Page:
Making Sense of Drug-Coated Stents

By Marc Greilsamer

When the FDA approved the use of <"">drug-coated stents on April 24, 2003, it was hailed as a landmark advance in the treatment of blocked arteries.

“Drug-coated stents will be the new standard of cardiovascular care essentially immediately upon their release,” Dr. Campbell Rogers, director of the Cardiac Catheterization Laboratory at Brigham and Women’s Hospital (BWH), said at the time. House and Human Services Secretary Tommy Thompson called the decision “a significant step forward in the treatment of heart disease” while Mark McClellan, FDA Commissioner during that period, added that “drug-eluting stents combine drugs with medical devices to provide more effective care for many patients with heart disease. FDA is working to make sure its regulatory procedures encourage the quick and efficient approval of such safe and effective combination products.”

Significantly, the FDA’s announcement also made the following claim: “The types of adverse events seen with the drug-eluting stent were similar to those that occurred with the uncoated stent.” However, only three and a half years later, that statement is being challenged by a growing number of medical professionals, researchers, and consumer watchdogs who fear that the drug-coated device brings with it a higher risk of blood clots that can lead to heart attacks and strokes. Today, the questionable safety of drug-coated stents threatens to shake up this multibillion-dollar industry, raising a myriad of medical and legal issues.

On December 7 and 8, the FDA held a public Circulatory System Devices Advisory Panel meeting to discuss the issue and delivered the kind of mixed message that is typical at the FDA: Drug-coated stents were deemed safe for a certain subset of the patient population, but were also associated with a higher risk of blood clots, heart attacks, and death in the majority of patients. The panel recommended that the FDA issue new warnings for doctors and patients to reflect the elevated risk. The panel also sought to reduce instances of “off-label” usage, which accounts for more than half of the drug-coated stent market. Yet they saw no compelling reason to pull the controversial devices off the market.

In the long run, however, this may not be good news for stent makers. “Increased incidents of injury and adverse events are always important factors to examine when assessing the liability case against the manufacturers of drugs or medical devices,” says Jason Mark, an attorney at Parker & Waichman LLP who runs the firm’s mass tort unit. “With safer alternative designs available to patients that pose less thrombotic risk, manufacturers who place these products into the stream of commerce do so at their own peril and, unfortunately, at the peril of unsuspecting patients.”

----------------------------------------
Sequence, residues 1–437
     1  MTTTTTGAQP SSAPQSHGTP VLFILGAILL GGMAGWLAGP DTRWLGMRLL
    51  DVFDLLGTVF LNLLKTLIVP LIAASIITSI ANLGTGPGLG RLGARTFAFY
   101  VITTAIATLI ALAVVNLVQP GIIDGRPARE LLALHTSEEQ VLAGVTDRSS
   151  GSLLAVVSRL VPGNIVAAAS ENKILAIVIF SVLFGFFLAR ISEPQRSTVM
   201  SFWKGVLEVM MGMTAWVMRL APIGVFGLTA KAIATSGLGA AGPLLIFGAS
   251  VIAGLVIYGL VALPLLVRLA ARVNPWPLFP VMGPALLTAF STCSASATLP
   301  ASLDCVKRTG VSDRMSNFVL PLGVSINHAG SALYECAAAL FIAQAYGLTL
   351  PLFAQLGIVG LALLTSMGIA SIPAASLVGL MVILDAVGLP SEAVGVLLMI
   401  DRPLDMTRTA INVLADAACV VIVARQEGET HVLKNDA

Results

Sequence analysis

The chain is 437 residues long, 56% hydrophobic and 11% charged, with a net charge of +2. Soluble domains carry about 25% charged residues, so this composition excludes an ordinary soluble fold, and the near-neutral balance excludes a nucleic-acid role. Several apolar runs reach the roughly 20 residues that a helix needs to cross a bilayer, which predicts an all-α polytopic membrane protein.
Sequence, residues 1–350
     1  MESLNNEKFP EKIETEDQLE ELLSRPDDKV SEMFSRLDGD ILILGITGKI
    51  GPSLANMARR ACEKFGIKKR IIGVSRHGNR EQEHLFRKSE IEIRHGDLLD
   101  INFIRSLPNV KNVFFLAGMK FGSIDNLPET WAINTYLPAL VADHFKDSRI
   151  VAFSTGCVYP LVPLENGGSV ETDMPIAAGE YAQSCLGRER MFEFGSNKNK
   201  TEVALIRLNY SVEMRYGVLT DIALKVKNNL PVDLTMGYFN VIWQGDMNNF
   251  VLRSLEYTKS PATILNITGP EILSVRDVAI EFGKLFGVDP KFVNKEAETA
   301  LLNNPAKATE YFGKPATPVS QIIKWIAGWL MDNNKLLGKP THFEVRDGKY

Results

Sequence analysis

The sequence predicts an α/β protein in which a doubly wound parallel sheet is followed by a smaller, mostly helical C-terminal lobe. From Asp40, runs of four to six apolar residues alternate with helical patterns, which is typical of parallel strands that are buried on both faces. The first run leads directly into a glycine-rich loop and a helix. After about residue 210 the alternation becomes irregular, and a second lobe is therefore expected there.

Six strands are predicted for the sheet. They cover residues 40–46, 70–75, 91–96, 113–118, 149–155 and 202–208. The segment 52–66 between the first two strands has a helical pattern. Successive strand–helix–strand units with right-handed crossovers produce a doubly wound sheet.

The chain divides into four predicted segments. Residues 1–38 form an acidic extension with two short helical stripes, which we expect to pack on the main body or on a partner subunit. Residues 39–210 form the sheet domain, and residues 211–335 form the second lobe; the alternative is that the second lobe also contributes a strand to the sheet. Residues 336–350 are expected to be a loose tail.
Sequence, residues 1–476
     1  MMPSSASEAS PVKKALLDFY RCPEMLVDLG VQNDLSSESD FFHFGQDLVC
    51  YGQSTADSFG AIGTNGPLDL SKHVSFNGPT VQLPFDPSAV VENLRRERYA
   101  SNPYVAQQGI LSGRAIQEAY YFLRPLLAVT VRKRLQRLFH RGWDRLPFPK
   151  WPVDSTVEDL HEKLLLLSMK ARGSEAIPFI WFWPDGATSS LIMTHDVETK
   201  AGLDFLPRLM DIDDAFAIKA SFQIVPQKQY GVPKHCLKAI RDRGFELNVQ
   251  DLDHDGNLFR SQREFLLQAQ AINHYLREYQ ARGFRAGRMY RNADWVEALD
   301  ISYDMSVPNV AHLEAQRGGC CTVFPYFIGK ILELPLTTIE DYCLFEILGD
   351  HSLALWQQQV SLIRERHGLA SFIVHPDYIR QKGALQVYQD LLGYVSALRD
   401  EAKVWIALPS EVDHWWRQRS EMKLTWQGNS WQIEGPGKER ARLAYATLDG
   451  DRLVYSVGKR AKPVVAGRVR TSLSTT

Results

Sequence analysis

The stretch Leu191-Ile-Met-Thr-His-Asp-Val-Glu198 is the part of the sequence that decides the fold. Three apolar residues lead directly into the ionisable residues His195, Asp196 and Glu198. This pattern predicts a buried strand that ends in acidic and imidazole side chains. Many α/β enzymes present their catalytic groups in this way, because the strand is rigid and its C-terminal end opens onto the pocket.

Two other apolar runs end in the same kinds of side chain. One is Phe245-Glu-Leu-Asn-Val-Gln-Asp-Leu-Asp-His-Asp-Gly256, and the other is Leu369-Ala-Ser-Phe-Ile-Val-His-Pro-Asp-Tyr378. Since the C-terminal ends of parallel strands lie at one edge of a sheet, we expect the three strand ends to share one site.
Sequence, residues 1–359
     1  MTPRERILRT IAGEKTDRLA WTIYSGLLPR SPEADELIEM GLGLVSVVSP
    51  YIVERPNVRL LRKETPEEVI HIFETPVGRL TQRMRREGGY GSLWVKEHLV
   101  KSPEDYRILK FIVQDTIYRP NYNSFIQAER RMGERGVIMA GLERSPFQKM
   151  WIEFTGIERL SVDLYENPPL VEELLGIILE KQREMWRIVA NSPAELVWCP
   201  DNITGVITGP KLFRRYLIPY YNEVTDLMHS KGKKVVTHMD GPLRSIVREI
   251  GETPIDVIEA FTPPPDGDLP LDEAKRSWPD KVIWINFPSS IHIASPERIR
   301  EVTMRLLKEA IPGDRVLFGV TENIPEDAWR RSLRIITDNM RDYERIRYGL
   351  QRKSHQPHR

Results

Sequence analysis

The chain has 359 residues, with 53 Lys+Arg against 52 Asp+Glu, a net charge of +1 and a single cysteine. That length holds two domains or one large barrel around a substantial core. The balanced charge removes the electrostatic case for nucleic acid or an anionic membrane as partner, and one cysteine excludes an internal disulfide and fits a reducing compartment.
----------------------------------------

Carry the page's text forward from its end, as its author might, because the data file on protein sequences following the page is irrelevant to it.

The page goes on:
In 2003, the news was all good for Cordis Corporation, the division of Johnson & Johnson that developed the drug-eluting stent (DES). At the time, the only stents in use were bare-metal stents (BMS). These devices–a kind of wire-mesh scaffolding–were used to prop open clogged arteries after angioplasty and had met with much success. However, according to the FDA, roughly 15 to 30 percent of stent patients suffered from restenosis (re-clogging of the artery) within a year of the procedure and had to be treated again with another angioplasty or bypass surgery.

The drug-eluting stent was developed to solve the problem of restenosis. By releasing a drug to retard cell growth and stop scar tissue from forming within arteries that have been opened, the new device was designed to prevent the arteries from becoming blocked again. Cordis had funded a national clinical trial to test the device’s effectiveness, and it was lauded as highly successful. The combined occurrence of repeat angioplasty, bypass surgery, heart attacks, and death was 8.8 percent for drug-eluting stent patients and 21 percent for the uncoated stent patients. The FDA said the new device was found to “significantly reduce the rate of re-blockage that occurs with existing stents.” BWH’s Dr. Rogers, who had been involved in the New England-based part of the trial, noted, “When we tested the drug-coated devices versus the plain metal version on patients, the results were very compelling. In approximately 95 percent of patients receiving the drug-coated stents, restenosis was prevented.”

Patients and medical professionals were so excited about the drug-coated stent that angioplasty procedures were being delayed specifically to await the FDA’s approval of the Cypher, Cordis’ revolutionary Sirolimus-Eluting Coronary Stent. The FDA issued its blessing in April of 2003, and by June, the device was already in short supply as demand soared. Patients had heard the news about drug-eluting stents, and suddenly, nobody wanted a bare-metal stent anymore.